Thursday, September 29, 2011

Amazon Silk Browser

One of the interesting dimensions to Amazon's Kindle Fire is their announcement of Silk browser.  Please take a look at it in some detail and post your thoughts: How critical is Amazon's development of Silk as cloud-accelerated browser? What this could mean for others in the digital sector dealing with devices with browser functionality? What are the opportunities and challenges for companies in other sectors as they develop their strategies focused on leveraging the power of cloud?




3 comments:

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  2. As amazing as the Silk browser experience seems from a UX perspective (and it does), consumers need to keep privacy concerns in mind, too. Amazon will be keeping Silk users' IP addresses, MAC addresses, and websites visited for 30 days.

    Were this information more transparent, I would imagine people should at least be informed before making purchases like these -- especially as buying into these ecosystems have their own form of lock-in.

    http://www.washingtonpost.com/blogs/innovations/post/amazon-facebook-and-the-evolution-of-privacy/2011/09/13/gIQAeCUa8K_blog.html

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  3. In my opinion, the Silk browser is not a critical component of the Kindle Fire, but it is important.

    Although technical details of the Kindle Fire's CPU are limited, it will almost certainly pack less of a punch than the A5 in the iPad 2. Since this will probably be a point of direct comparison between the two, (although I don't believe these two devices are in direct competition with each other - I think each fills a separate market sub-segment) Silk will level the playing field a little. The analytics they generate from users using Silk will probably be the most complete database of tablet-browser usage statistics so-far compiled.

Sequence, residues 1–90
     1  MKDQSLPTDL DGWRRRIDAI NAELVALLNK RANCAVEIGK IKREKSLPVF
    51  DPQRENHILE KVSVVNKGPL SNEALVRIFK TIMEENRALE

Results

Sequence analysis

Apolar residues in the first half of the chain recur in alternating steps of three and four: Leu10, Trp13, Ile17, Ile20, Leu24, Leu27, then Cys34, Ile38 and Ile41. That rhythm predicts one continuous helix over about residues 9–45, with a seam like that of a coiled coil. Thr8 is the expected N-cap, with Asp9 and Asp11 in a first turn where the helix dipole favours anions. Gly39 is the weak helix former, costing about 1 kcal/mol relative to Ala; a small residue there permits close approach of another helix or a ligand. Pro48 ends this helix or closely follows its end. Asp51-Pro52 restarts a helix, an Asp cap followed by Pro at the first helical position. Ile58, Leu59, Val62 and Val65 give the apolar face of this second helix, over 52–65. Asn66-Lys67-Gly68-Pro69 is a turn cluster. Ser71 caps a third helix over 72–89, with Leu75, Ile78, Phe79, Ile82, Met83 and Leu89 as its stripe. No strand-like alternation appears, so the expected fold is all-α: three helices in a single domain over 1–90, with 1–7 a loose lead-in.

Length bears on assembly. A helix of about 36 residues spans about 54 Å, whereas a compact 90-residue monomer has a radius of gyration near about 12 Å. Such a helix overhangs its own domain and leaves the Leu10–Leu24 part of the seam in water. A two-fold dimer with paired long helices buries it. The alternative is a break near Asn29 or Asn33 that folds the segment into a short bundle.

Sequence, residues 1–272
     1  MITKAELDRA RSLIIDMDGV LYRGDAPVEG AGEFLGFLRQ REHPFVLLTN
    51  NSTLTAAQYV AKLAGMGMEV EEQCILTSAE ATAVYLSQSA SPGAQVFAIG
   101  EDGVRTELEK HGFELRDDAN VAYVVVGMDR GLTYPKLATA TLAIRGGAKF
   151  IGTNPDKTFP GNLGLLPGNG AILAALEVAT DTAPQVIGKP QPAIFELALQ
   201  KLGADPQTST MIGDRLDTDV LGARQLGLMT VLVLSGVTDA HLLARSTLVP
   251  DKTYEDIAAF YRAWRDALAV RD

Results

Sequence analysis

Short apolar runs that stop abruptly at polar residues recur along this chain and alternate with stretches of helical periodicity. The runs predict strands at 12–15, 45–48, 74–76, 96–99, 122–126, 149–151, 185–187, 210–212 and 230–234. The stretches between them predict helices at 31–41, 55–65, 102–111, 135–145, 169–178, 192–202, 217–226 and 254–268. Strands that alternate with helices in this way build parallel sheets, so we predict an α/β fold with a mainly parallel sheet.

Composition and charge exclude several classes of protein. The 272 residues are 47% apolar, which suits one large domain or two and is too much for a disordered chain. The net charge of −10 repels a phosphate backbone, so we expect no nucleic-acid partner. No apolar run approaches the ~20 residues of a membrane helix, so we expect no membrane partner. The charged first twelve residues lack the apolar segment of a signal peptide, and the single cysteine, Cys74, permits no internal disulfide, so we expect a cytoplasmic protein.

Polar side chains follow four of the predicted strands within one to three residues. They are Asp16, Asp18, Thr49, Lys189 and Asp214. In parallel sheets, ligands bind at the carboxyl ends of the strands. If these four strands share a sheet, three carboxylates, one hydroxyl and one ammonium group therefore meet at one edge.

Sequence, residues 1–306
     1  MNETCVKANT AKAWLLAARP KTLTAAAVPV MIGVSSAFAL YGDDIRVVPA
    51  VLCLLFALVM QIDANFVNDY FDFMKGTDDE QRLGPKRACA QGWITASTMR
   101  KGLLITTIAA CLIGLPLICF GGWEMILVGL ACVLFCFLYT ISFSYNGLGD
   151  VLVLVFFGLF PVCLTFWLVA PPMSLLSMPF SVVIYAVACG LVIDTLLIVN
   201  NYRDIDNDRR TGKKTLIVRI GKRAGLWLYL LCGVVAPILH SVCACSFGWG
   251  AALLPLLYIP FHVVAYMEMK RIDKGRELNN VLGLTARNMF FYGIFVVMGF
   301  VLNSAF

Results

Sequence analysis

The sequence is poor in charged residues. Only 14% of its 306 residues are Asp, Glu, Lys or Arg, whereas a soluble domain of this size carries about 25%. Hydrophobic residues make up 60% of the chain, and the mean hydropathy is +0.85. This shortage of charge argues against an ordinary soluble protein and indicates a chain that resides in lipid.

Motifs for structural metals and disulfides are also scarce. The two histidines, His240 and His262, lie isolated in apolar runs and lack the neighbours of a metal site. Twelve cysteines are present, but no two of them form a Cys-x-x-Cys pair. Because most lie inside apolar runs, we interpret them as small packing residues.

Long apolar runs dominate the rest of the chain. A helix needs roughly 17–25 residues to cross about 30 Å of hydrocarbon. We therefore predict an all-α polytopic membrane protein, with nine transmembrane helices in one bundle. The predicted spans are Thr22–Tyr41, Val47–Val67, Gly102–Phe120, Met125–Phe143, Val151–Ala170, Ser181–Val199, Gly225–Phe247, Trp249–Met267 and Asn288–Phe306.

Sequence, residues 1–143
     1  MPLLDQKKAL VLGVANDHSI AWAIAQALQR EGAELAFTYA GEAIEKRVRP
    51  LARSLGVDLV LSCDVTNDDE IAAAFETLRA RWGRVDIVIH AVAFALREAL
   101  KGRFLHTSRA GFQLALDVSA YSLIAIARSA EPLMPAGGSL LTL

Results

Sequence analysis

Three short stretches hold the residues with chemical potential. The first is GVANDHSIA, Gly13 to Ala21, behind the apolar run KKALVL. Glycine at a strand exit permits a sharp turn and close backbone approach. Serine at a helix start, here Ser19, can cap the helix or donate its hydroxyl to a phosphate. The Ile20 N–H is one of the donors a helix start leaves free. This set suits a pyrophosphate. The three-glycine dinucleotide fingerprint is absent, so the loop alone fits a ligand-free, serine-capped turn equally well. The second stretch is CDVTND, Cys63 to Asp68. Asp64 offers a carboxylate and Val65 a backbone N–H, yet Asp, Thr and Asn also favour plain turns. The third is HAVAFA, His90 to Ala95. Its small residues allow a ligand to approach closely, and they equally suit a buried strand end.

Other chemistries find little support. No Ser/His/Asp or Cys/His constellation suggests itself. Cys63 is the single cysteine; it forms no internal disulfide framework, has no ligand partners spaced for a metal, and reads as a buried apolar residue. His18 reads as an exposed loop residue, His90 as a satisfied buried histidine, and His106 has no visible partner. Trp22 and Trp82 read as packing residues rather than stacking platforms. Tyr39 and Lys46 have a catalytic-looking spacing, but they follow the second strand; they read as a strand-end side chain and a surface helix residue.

I think it will be interesting to see if Amazon releases a version of the Silk browser for iPad. I see no reason why they couldn't, assuming that revenue generated from the aggregate data analytics makes the service self-sufficient and the Silk backend servers aren't subsidized by Fire hardware sales (doubtful, at the $199 price point.)

    I am also looking forward to an iSuppli report on the bill of materials used in the Fire. It may shed some light on how Amazon is pulling off the amazing market-departure in price-point. Personally I'm wondering if the Fire is sold near cost as a weapon to maintain Amazon's lead in the digital book market place. Silk may also be a key component in this strategy, if the above-mentioned usage statistics are a key monetization strategy. If this is true, then Silk could be a more critical component of the overall Fire strategy than I originally wagered.

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